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Chronic Illness: A Life Sentence or A Lifeline?

A chronic illness diagnosis can be a very confusing and terrifying experience. Being told that I had a medical condition that will never go away was a huge shock for me. Previously, every time that I had visited a doctor for a health reason, I would be given some medicine to take for a few days and I would then be able to go about my normal business.

I still remember the look on the doctor's face when I asked "what do I need to take to get rid of it?" and he had to inform me that this was something I would have for life.

I was overwhelmed at first and definitely took this as being handed a very undeserved life sentence of suffering. However, I have grown to see my diagnosis in a different light. Now I like to think of it as more of a lifeline - a reminder to take care of myself a lot better.

Not that I was particularly off the rails and living a rockstar lifestyle, but I certainly wasn't paying too much attention to what I was doing to or putting in my body. I guess it was pretty normal behavior for a 21-year-old, but it certainly wasn't a sustainable lifestyle in the long term.


Ankylosing spondylitis is a condition that requires you to stay active or there is a risk the spine will fuse together. This certainly gives me more motivation to exercise than any personal trainer could ever do.

As a result of this, I start every day with a series of stretches and exercises aimed at keeping my joints active but also loosen up any stiffness in my body and get me ready for the day. I also try to get at least 4 workouts in a week, but of course, this very much depends on how my body is feeling at the time.

Not only does having AS encourage me to work out more, but it has also made me more careful with how I exercise. I concentrate a lot more on my form when completing exercises, especially those that engage my back or legs, to make sure I don't do myself any damage. Long gone are the days where I would swing around a heavyweight uncontrollably to try and impress my friends. Now I am very comfortable starting with a lower weight and gradually moving up. It has taught me that being healthy and safe is way more important than looking 'macho'.


I've always been vegetarian but this doesn't necessarily mean that I always had a healthy diet. The easy option of just eating French fries was one that I took on numerous occasions.

But I have found that what I eat often has a direct effect on how my AS affects me, so if I eat rubbish then more often than not I will also feel rubbish. Now I research the foods that I eat and put more effort into planning what I am going to cook. I strive to give my body what it needs to fight this battle and attempt to keep flare-ups at bay.

However, flare-ups are inevitable and during these times I put even more energy into making sure my meals are filled with anti-inflammatory foods such as turmeric and ginger in order to make a swift recovery.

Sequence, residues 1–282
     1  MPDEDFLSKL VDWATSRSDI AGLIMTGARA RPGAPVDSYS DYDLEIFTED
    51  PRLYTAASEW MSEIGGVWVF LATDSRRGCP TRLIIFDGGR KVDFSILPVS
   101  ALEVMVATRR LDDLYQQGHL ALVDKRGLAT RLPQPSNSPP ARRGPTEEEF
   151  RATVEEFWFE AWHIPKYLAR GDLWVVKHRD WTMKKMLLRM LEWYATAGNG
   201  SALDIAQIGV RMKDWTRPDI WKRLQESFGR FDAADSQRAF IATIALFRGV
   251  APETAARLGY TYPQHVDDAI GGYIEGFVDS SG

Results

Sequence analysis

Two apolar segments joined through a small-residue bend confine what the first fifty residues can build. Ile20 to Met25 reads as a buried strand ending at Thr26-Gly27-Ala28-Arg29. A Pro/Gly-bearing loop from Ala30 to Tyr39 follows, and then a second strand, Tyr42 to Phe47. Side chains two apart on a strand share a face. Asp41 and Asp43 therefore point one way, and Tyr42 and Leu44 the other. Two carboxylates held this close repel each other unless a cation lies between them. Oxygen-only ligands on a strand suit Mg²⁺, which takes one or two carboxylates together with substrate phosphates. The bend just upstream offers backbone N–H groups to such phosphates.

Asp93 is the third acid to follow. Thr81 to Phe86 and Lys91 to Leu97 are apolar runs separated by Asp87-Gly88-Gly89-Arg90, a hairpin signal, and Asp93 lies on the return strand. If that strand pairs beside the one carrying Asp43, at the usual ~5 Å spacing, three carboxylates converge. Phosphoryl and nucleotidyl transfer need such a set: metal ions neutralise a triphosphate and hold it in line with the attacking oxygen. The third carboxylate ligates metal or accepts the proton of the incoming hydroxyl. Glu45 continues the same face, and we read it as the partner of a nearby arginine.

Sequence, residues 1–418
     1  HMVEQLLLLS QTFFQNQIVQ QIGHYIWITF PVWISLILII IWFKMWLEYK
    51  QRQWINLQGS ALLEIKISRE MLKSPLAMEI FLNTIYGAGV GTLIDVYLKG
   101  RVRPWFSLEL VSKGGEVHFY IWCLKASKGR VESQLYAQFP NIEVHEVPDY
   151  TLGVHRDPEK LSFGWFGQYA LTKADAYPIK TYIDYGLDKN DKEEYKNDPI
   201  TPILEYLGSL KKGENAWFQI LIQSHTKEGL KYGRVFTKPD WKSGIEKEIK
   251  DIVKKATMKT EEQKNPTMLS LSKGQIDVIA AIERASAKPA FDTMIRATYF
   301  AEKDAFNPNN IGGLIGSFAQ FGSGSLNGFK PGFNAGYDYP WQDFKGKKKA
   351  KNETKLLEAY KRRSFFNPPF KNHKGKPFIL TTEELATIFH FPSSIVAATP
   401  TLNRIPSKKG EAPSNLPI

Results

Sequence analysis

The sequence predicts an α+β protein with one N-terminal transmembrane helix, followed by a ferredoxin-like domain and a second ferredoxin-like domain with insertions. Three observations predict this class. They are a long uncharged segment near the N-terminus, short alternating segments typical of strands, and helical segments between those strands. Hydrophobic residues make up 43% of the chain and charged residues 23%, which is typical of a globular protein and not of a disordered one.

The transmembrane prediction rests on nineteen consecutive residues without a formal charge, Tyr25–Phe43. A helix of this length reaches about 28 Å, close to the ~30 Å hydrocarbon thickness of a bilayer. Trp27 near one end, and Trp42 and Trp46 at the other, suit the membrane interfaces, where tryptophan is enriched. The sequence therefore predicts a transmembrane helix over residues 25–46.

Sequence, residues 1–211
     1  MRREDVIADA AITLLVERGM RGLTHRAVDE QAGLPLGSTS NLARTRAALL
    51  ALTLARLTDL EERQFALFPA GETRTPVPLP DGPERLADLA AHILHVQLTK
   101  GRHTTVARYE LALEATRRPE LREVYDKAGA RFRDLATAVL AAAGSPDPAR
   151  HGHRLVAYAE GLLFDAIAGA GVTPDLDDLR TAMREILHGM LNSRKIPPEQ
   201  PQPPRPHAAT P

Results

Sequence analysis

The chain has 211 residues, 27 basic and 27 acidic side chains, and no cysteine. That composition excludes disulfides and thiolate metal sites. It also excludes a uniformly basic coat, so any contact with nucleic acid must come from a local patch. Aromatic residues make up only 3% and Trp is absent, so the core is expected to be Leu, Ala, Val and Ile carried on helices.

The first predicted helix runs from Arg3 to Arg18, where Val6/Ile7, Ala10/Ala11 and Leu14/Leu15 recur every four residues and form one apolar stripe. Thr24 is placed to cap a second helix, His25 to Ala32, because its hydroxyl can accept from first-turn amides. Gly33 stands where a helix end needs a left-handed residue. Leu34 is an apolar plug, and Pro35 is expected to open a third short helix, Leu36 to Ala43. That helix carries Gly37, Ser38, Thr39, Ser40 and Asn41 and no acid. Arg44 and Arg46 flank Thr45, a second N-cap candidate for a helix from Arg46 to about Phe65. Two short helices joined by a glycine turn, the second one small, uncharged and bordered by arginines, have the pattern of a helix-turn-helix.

I don't want to create the impression that now I live on a strict diet of kale and walnuts, but I certainly put a lot more thought into what I am eating and how it affects me and my AS.

Going out and about

Before my AS diagnosis, I would often find myself agreeing to go out to most invitations that I received out of the fear of missing out. Being from the UK, this would usually involve a lot of drinking and walking. I continued this "say yes" attitude early on in my days with AS but found that it did me more harm than good. Hangovers aside, I found that it often instigated flare-ups or prolonged my recovery from one.

My AS has made me evaluate the consequences of my life choices and take into account how my body will be affected by these choices.

I always give my liver a much-needed day off whenever I have to inject or take my medication. If a plan may negatively affect me in the long run or involves too much walking for me, I make compromises with my friends. This may mean staying sober for the night or meeting people later at the final destination that doesn’t require any further walking.

I am far from tee-total, but I think my body is grateful for the extra care I am giving it. Instead of thinking of the drunken fun I might be missing out on, I think of the extra pain and potential flare-ups that I am hopefully missing out on.

In conclusion

I know it sounds ironic to say that having an autoimmune disease has helped me become healthy but honestly I have never felt healthier. In a strange way, I am happy that it happened to me early on in my life. I think that if I had continued my bad habits of eating unhealthily, drinking excessively, and working out irresponsibly, I may have done a lot more damage to myself.

It is easy to focus on the negatives of AS or any chronic illness. However, I think it serves us a whole lot better if we try to look for the positives that come with it, no matter how well they might be hidden. Keeping a positive state of mind is crucial for battling chronic illness.

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This article represents the opinions, thoughts, and experiences of the author; none of this content has been paid for by any advertiser. The team does not recommend or endorse any products or treatments discussed herein. Learn more about how we maintain editorial integrity here.

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